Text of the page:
You may have already noticed this, but we like VR. We like it a lot, in fact; enough to write about it day-in, day-out for years now. But, let’s be honest here, would we really recommend that your average everyday consumer run out to throw down $599 on an Oculus Rift with Touch or $799 on an HTC Vive in their current state?
No, probably not.
There is a market for VR, but it’s still very much in the enthusiast stage. It’s clear why: $599 and above is a lot of money for some undeniably amazing tech — even without the price of a compatible PC added on — and it’s far from perfect on the hardware front. Even the software and systems supporting it still largely have to find their feet. PSVR might have its limitations but the difference in price more than makes up for it, making it far easier to recommend for those with an interest in the tech. At least, that was the case before today.
In an aggressive move from Facebook, the Oculus Rift and a pair of essential Touch controllers are the same price as a base PSVR at $399 (not including Move controllers and a camera) for the next six weeks. That’s the price we’d all optimistically hoped the headset would be at launch over a year ago. Granted that doesn’t include a PC, but for the dedicated gaming fan base out there with rigs powerful enough to run VR already, the Rift is finally at a price where I could happily recommend it to anyone that showed interest.
What spurred the sale, just a few months on from Rift and Touch permanently dropping from $699 to $599, is unknown. We don’t have a clear picture on how Rift is selling, especially in comparison to its biggest competitor, the HTC Vive, but that’s kind of irrelevant to the consumer. At this price, picking up a Rift is basically like picking up a gaming console at launch, just with about 20 times the amount of games on offer.
For that price you’re getting access to a heap of great content that’s gone largely unrecognized in gaming circles over the past couple of years. These are among the more innovative and thrilling experiences to release in the entire industry, VR or otherwise . Edge of Nowhere is one of Insomniac’s best game since Resistance 3, while Superhot VR is a remarkable evolution of what made the original tick. Then there are experiences unlike anything else out there like Tilt Brush and the dream-fulfilling tie-ins like Star Trek: Bridge Crew and Rick and Morty: Virtual Rick-ality.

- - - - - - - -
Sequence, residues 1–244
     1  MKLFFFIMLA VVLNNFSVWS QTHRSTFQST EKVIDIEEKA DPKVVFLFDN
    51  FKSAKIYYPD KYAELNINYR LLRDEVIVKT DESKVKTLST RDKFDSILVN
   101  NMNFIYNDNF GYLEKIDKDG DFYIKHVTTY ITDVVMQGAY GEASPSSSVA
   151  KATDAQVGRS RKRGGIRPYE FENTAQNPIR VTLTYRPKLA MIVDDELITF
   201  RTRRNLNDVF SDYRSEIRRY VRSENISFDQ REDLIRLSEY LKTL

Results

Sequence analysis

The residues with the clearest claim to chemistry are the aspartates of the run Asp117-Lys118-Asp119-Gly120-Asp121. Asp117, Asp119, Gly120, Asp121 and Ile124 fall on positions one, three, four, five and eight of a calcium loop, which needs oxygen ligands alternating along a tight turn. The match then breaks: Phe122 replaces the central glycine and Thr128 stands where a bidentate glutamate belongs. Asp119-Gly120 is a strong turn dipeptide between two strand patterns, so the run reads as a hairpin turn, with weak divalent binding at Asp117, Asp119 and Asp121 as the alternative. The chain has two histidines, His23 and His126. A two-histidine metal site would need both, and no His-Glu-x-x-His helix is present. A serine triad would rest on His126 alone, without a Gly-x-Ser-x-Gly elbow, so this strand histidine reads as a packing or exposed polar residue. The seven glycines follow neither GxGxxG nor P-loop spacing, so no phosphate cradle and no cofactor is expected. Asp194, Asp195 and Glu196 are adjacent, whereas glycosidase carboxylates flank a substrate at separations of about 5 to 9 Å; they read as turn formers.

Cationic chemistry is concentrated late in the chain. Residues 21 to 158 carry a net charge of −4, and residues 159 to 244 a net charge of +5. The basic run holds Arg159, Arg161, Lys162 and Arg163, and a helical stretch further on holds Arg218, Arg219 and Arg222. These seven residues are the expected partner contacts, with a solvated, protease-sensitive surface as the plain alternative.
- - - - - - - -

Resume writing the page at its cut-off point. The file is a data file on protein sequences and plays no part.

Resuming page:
And let’s not forget the freebies you get just for buying a Rift (and Touch). With the headset alone you’ll get Lucky’s Tale and a slew of other content, but add Oculus’ controllers to the mix and you’ll be getting an insane amount of software including Epic Games’ Robo Recall, the Western shootour Dead and Buried, Sanzaru Games’ Ripcoil as well as great new releases like Google’s Blocks and the upcoming multiplayer gem, Echo Arena. It’s just a shame this had to happen after Rift’s massive Summer Sale, and not before.
It’s worth noting, too, that the price undercuts Microsoft’s upcoming mixed reality headsets, the first of which launch this holiday season with an optional $399 bundle including controllers. The final verdict on how these headsets will stand up next to the Rift will have to wait, but it’s a smart move on Oculus’ part to undercut Microsoft before cheaper headsets arrive on the market.
The only question that remains is the obvious one: what about the future?
Right now, Rift represents the cutting edge of VR, but how long will that remain the case, and how viable will Rift remain as successors and new competitors arrive? SteamVR’s new Knuckles controllers look like they could set the new standard for VR input, and recent progress in display technology suggests clearer images are right around the corner. Will Rift enjoy a life similar to smartphones, in which the first product remains relevant for years after the next iteration arrives? I’d certainly like to think so, but that’s entirely down to just how big of a step forward the next product is.
All that said, I’m still talking about a specific audience here. Rift’s content library still really only appeals to gamers right now. Rift has just opened itself up to a much wider market than it already appealed to, but there’s still plenty of room for expansion.
The next goal is to get Rift — or any major VR headset — to the point where I would recommend it to simply anyone. That will mean more than just another price cut on the headset itself; it probably means cheaper, more powerful PC hardware that’s more accessible than ever, a continued growth of quality content and perhaps even a next-generation headset that continues to improve upon the foundations laid out by Rift v1. Getting to this point has always been VR’s big goal, and after today’s price cut it seems closer than ever.